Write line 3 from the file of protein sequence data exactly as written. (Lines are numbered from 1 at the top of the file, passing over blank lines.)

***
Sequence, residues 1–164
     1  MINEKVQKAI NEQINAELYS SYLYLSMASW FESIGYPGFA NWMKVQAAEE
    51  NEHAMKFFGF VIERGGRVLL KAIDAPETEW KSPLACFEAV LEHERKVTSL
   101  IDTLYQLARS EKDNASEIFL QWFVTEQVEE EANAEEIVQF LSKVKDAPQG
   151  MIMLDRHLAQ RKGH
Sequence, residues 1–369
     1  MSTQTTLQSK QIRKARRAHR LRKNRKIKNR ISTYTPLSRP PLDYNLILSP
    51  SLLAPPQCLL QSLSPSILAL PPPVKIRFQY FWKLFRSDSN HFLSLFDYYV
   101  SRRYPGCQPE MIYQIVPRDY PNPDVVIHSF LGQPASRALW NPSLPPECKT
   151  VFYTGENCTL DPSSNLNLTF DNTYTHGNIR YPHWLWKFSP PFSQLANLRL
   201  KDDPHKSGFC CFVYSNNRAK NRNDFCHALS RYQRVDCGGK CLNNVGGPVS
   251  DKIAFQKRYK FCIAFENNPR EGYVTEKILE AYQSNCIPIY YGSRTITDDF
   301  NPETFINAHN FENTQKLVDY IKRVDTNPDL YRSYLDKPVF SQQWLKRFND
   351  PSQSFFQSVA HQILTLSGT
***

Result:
    51  NEHAMKFFGF VIERGGRVLL KAIDAPETEW KSPLACFEAV LEHERKVTSL